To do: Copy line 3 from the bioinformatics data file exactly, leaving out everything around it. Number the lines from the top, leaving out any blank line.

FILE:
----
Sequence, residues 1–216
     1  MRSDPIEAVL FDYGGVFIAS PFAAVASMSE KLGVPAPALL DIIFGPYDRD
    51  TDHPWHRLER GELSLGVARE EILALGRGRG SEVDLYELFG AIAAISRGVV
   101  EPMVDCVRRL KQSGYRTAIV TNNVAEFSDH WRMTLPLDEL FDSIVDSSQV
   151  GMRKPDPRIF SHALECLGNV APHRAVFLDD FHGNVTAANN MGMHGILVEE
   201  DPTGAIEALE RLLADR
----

    51  TDHPWHRLER GELSLGVARE EILALGRGRG SEVDLYELFG AIAAISRGVV